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200,00€ incl. VAT
Since 1937, the Jolka Festival has been celebrated in Russia on New Year’s Day. Jolka stands in Russian for „fir tree”, which is splendidly decorated as a symbol of winter. Originally, the festival was intended as a substitute for the Christian Christmas, which the Soviets had banned in the October Revolution of 1917. Christmas with all its gifts was considered a capitalist feast for the wealthy bourgeoisie. The prohibition lasting until about 1935 when the New Year’s tree was revived for the children, and celebrated with Soviet ornaments and decorations. Ornaments of a religious nature were not allowed. The themes of the small glass objects were as secular as the occasion of the festival. There were no angels or Christ children, but things that surrounded people, from traffic lights and cars to flower vases, soccer balls and teapots. In addition, children and grandmothers, fairy-tale characters and again and again Ded Moroz, the Russian Santa Claus, and his granddaughter Snegurochka. And what could not be missing from any New Year tree was a clock, with the hands on just before twelve. Very important was also the department of fruits and vegetables, with garlic, pea pods and eggplant. Another theme complex dealt with the propaganda with hammer & sickle ornaments, soldiers and submarines. And with the world’s first space flight of the Soviets, cosmonauts and rockets became en vogue.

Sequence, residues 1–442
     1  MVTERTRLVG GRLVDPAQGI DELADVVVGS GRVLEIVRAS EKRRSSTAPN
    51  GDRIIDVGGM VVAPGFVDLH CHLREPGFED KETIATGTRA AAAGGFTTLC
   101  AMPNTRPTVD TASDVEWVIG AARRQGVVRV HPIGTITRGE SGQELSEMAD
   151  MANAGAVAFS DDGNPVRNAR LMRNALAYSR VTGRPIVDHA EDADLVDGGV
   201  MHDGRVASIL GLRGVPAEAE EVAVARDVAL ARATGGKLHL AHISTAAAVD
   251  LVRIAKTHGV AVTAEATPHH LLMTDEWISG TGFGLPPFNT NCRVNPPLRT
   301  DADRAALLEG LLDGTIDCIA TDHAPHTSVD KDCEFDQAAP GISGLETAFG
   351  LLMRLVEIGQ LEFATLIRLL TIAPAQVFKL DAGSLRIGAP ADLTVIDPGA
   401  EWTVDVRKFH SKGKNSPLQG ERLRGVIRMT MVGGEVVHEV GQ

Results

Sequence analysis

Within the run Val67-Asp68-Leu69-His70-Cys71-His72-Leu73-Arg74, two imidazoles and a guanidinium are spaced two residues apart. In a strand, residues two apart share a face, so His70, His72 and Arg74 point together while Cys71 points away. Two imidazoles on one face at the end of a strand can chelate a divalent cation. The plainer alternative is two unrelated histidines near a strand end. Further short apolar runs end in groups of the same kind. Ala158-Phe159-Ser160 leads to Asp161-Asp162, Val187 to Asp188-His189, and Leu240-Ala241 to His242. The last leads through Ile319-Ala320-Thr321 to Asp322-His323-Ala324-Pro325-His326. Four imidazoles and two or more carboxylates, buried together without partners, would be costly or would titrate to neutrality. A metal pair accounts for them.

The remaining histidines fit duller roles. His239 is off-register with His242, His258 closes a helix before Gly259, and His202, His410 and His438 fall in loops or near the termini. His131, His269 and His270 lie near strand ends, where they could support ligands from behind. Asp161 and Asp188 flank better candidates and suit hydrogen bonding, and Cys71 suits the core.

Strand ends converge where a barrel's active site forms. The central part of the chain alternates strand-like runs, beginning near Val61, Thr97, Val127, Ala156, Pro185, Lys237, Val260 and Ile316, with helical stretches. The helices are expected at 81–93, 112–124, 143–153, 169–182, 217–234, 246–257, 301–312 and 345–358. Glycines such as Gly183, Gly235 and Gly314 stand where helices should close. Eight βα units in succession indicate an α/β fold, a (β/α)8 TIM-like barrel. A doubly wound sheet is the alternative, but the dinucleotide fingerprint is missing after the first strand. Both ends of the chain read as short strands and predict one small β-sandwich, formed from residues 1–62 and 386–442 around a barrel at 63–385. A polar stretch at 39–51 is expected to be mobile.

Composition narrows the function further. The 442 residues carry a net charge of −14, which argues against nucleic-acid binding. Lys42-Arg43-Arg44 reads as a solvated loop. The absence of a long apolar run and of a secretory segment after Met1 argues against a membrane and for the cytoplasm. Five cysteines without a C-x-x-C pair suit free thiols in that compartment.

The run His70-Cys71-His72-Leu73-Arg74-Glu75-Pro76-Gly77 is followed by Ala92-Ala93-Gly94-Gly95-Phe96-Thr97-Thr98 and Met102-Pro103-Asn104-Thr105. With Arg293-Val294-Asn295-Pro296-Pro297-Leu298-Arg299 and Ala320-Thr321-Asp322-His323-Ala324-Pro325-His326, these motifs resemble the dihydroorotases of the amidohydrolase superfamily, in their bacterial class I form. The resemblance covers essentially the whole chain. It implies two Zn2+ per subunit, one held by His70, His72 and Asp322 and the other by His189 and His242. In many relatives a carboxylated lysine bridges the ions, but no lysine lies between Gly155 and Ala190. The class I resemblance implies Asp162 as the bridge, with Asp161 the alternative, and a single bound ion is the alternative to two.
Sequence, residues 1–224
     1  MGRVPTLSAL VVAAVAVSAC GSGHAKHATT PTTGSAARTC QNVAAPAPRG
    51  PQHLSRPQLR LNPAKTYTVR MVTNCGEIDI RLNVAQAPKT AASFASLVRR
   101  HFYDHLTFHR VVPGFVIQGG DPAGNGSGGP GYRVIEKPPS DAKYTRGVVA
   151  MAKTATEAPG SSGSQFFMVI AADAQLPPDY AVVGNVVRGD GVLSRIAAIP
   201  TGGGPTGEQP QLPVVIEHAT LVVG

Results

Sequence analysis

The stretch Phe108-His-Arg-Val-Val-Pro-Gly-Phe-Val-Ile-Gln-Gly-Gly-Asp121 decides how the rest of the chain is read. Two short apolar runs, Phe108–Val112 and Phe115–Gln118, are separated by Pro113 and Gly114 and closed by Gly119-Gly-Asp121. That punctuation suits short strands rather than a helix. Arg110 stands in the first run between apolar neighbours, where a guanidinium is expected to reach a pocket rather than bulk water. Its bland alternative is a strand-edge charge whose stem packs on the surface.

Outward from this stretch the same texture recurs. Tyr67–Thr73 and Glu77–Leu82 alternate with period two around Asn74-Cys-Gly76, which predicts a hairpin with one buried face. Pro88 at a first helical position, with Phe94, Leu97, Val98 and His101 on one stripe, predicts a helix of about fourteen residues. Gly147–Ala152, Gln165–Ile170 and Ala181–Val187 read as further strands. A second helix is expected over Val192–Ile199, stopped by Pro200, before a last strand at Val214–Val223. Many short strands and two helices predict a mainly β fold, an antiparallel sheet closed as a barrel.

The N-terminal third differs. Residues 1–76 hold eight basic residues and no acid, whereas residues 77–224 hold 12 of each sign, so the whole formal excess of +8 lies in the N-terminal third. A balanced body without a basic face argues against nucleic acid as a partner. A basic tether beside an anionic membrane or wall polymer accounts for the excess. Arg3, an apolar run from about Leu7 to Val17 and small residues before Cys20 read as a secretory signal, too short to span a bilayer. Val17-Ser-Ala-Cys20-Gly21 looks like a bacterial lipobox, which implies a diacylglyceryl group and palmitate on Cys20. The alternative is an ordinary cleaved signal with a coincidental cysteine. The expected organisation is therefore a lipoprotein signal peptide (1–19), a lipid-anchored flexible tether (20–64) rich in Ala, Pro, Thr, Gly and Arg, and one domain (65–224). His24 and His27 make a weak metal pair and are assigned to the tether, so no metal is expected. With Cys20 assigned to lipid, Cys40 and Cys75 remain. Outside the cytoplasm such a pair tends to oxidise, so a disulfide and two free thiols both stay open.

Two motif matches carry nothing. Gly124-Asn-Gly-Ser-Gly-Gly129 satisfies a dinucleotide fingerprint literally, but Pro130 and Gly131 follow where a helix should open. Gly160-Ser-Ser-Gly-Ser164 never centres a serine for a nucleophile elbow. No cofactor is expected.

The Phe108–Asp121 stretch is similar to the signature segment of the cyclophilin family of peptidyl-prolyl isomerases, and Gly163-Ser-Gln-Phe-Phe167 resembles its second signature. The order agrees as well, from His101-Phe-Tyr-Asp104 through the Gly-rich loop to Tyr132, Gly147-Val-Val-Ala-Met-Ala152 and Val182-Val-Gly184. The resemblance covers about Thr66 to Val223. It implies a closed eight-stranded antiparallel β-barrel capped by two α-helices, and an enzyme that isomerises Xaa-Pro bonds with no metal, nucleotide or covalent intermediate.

Set of 11 different sport balls
Sizes up to 8 cm
Soviet union, around 1950-1980